Try using a simple Google Doc or the Notes app on your phone. This way, compiling and writing your newsletter will take less time.
A few things to keep top-of-mind:
Be sure the structure and form of each newsletter is consistent. Less is more. Focus on delivering relevant, quality content through your newsletter. Skimmable and short is fine, as long as it’s valuable and could come only from you. Some content ideas might be:
- Chef interview (or an interview with another staff member you want to recognize)
- How to create one of your signature dishes at home
- Ingredient spotlight
- “Staff picks”
- Food/wine pairings
- Community spotlight
- Your restaurant’s history
Also, remember that your personality and your point of view should shine through. Ask yourself: Does your newsletter feel like it could come only from you? Are you sharing your point of view and perspective on relevant aspects of your business?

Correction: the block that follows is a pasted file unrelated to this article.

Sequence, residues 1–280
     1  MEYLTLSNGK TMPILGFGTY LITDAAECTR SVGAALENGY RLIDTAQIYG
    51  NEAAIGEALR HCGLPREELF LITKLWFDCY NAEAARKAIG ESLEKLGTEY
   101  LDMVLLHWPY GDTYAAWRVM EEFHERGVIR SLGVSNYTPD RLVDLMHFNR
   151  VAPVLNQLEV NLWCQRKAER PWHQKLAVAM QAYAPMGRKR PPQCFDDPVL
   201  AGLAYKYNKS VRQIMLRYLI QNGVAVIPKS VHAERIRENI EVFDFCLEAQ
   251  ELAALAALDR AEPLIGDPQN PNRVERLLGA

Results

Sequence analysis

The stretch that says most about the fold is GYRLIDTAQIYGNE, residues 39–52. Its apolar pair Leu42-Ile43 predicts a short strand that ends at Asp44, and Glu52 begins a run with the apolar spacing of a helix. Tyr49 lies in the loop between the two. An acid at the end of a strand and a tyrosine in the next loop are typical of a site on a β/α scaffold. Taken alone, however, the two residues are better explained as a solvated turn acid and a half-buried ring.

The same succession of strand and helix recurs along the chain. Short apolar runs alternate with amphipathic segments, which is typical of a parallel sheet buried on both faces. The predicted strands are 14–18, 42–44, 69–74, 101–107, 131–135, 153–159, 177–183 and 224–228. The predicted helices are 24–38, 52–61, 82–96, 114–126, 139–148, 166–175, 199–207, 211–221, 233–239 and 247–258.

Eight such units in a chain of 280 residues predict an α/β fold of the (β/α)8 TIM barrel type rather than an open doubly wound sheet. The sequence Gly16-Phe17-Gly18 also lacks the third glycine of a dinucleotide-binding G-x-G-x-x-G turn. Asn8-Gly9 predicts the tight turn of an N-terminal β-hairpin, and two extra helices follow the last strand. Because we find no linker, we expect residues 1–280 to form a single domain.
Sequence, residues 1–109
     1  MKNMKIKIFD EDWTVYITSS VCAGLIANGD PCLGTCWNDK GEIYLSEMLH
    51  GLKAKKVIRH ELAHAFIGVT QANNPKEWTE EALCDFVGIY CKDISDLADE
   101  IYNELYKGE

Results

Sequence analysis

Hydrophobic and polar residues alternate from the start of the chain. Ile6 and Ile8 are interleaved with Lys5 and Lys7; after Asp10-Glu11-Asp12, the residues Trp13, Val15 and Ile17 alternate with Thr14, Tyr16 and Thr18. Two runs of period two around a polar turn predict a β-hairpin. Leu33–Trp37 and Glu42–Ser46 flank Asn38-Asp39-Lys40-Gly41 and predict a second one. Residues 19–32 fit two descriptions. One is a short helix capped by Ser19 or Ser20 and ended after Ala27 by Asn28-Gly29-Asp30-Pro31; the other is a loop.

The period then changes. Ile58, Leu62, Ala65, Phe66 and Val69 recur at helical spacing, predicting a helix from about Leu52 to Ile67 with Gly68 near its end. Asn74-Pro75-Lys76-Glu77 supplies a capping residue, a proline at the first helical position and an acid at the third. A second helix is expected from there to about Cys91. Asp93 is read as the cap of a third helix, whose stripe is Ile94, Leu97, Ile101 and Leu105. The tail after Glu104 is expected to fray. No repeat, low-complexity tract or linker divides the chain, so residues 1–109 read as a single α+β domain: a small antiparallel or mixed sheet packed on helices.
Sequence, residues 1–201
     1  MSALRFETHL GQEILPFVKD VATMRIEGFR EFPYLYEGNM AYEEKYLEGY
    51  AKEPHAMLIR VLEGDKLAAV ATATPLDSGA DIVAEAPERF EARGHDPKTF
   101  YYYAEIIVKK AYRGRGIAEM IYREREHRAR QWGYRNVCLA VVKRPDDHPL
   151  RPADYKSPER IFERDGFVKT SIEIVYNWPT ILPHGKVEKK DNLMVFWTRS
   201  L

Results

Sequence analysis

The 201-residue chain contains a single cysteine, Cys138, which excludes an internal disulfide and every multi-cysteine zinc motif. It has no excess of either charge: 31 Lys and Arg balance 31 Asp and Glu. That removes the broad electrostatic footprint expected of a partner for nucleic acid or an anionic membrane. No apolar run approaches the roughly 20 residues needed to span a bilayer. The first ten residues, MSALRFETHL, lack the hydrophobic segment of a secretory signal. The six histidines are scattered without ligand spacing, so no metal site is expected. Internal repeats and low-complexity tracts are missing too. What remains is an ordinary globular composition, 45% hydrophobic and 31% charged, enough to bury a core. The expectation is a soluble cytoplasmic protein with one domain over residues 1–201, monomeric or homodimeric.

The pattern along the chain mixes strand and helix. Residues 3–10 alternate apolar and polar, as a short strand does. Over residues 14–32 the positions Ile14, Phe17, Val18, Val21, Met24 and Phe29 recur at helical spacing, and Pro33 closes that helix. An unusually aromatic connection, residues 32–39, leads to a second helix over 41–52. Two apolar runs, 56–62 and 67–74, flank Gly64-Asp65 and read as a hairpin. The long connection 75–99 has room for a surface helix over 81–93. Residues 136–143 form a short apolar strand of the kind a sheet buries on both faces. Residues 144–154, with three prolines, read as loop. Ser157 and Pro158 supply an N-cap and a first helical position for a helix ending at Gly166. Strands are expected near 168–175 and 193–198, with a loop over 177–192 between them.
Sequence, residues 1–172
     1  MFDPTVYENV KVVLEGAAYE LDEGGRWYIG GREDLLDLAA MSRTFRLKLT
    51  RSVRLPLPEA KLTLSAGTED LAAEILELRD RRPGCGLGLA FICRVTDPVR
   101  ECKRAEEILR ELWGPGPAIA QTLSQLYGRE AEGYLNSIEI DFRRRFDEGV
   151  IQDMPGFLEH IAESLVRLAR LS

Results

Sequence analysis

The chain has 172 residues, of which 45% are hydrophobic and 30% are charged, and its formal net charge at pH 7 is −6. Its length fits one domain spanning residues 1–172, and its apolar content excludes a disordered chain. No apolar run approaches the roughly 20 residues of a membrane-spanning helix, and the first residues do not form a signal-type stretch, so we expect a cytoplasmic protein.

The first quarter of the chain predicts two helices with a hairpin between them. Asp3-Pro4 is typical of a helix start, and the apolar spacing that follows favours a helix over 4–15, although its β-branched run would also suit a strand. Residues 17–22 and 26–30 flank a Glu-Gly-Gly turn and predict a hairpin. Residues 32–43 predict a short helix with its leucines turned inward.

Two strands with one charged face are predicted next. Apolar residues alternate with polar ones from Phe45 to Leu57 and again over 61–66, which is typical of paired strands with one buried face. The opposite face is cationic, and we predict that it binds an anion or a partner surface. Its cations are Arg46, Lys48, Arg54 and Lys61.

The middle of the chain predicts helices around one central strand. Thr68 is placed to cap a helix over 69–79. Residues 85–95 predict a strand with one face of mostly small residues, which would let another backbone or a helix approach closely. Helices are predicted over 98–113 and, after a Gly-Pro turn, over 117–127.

Oleana Restaurant in Cambridge, MA did this by adding a personal touch. They added in a handwritten note from their head Chef, welcoming customers back after having to close their doors due to COVID-19.
Don’t worry about not being a “writer”
You don’t have to be a writer to send a must-read newsletter. The important thing is to write in your own accessible, relatable voice. Writing tips:
- Use a free tool like Grammarly or Hemingway app to catch any spelling or grammar mistakes or awkward sentence constructions
- Read your email out loud to be sure it sounds conversational and human
- Have second set of eyes double-check everything you send — they might catch something you overlooked.
A note on compliance with the law
In the US, the CAN-SPAM Act regulates advertising and marketing emails. The casual newsletter-sender who is using a program to send emails shouldn’t run into trouble; most email providers are built to ensure you comply with regulations. But the act (and what it means in plain English) is important to read and understand for anyone considering email. Privacy laws apply here, too.
You’ve got this!
The most important thing to remember when creating a successful newsletter is to make sure it reflects your restaurant’s personality.
Inject your voice, your thoughts, and your opinions into everything you write. Your customers signed up to hear from you — entertain them while giving them what they want, and reward them for their commitment to your restaurant!